Document Type


Publication Date




Publication Title

Education Sciences






480 (1-26)


This research investigated what motivated and sustained the involvement of 376 students in culturally relevant, afterschool STEM clubs at four rural, under-resourced schools. A longitudinal, convergent parallel mixed methods research design was used to investigate participants’ participation in and perceptions of the clubs, their motivations to attend, and their future goals, over three years. Situated Expectancy-Value Theory (SEVT) served as a guiding theoretical and analytical framework. Overall, students who attended the clubs were African American (55%), female (56%), and 6th graders (42%), attended approximately half of the clubs (43%), and agreed with quality measures on the STEM Club Survey (M = 4.0/5). Students interviewed (n = 131) were most likely (99%) to describe what they enjoyed (intrinsic value), what was useful to them (utility value; 55%), personally important (42%; attainment value), or related to their personal or collective identity (40%). Most participants (78%) planned to attend a 4-year university and expressed interest in at least one STEM career (77%); highest attendees (48%) expressed the most interest. Our study reveals that a culturally relevant, afterschool STEM club can motivate underserved students to participate, learn, feel a sense of belonging as a club member, and positively influence their college and career pathways.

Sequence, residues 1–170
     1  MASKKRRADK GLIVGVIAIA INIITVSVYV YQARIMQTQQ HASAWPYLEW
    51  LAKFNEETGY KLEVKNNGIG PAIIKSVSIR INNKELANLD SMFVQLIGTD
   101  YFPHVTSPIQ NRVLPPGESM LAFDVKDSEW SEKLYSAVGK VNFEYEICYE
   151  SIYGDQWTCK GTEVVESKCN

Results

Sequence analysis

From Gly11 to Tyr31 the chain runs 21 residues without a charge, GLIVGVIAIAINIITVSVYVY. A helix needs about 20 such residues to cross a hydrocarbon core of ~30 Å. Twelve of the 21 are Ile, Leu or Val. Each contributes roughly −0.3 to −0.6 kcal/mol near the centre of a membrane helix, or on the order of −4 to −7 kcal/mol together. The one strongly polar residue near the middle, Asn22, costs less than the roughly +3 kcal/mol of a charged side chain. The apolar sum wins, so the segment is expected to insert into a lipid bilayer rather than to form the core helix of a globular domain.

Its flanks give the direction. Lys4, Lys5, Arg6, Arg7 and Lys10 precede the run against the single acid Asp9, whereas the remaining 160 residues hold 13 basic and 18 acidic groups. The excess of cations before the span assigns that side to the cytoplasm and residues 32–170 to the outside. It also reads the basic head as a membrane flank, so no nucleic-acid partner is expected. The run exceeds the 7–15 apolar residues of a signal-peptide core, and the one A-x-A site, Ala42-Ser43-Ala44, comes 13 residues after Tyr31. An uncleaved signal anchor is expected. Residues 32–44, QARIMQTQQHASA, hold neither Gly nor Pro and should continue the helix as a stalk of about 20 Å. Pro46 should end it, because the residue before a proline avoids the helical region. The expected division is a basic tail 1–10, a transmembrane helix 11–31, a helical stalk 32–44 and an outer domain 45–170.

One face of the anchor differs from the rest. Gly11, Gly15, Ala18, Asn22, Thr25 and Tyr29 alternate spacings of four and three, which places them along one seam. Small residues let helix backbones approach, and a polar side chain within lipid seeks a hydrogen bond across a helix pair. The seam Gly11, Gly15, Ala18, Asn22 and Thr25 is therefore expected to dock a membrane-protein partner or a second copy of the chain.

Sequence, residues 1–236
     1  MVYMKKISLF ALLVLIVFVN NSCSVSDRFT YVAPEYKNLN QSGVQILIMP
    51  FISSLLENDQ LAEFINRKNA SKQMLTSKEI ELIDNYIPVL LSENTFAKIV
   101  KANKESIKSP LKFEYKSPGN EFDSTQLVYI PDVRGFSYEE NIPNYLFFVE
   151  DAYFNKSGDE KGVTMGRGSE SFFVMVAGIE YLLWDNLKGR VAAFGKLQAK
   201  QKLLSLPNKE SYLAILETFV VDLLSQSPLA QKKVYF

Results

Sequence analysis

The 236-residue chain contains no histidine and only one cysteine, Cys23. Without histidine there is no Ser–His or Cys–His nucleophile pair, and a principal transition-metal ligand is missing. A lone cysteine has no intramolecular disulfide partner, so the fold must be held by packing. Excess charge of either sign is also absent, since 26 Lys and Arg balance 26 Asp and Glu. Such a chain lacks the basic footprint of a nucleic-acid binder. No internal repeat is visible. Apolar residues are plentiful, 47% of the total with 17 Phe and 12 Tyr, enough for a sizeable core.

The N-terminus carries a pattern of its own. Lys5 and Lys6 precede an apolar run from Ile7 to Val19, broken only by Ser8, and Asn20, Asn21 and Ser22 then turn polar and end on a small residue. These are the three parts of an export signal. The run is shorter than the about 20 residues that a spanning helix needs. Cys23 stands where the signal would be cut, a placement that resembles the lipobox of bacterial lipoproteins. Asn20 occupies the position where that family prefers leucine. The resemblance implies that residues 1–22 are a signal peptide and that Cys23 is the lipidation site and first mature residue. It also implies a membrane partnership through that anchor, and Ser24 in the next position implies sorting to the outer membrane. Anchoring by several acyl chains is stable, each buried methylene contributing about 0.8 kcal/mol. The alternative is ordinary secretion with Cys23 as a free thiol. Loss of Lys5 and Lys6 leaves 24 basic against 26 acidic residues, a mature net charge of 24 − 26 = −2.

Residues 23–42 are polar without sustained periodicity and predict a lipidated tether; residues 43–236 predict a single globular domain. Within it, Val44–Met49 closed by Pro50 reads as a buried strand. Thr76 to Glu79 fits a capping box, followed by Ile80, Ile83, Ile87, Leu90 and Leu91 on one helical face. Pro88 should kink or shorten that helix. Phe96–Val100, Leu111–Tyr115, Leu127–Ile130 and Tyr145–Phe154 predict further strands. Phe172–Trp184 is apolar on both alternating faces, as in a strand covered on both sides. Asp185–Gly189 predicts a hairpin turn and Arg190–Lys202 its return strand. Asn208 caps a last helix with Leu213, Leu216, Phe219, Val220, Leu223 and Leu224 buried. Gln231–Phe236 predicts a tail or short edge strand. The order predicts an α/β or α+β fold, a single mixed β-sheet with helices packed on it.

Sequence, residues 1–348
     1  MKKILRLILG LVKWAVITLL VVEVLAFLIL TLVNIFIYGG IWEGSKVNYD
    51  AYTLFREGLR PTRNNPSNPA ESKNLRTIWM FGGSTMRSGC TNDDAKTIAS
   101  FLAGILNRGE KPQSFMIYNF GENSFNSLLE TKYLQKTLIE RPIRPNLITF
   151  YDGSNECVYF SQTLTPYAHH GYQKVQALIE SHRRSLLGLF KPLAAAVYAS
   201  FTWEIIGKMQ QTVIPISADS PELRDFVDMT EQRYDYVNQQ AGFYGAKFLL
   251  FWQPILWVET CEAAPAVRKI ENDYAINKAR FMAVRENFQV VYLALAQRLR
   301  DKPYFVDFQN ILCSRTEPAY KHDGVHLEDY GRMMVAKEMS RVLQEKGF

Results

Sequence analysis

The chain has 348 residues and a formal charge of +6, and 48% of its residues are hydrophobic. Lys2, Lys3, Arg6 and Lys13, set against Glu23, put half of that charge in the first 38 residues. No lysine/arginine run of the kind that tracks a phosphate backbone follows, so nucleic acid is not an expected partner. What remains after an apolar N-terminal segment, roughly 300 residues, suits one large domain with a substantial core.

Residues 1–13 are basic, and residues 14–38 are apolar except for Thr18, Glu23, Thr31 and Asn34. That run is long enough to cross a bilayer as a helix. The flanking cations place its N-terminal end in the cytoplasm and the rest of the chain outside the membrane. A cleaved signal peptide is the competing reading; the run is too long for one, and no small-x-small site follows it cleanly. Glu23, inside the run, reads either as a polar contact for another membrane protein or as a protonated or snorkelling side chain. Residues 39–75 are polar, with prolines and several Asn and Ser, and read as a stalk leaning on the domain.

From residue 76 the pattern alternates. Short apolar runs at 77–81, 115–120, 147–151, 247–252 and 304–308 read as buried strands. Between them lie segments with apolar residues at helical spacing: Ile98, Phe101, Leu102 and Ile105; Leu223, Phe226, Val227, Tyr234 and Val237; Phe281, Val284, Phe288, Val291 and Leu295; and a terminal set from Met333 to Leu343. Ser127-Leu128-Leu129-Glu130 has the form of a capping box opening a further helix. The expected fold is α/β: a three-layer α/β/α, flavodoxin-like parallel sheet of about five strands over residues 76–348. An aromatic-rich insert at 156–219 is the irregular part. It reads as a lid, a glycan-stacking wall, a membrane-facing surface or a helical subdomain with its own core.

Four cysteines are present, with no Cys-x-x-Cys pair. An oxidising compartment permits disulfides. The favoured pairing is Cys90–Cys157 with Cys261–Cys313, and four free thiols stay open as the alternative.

© 2023 by the authors.

This article is an open access article distributed under the terms and conditions of the Creative Commons Attribution (CC BY 4.0) license.

Data Availability

Article states: We are unable, due to the IRB, to share the data we collected without additional permission, due to privacy or ethical restrictions.


0000-0002-9339-7574 (Gutierrez)

Original Publication Citation

Blanchard, M. R., Gutierrez, K. S., Swanson, K. J., & Collier, K. M. (2023). Why do students attend STEM clubs, what do they get out of it, and where are they heading? Education Sciences, 13(5), 1-26, Article 480.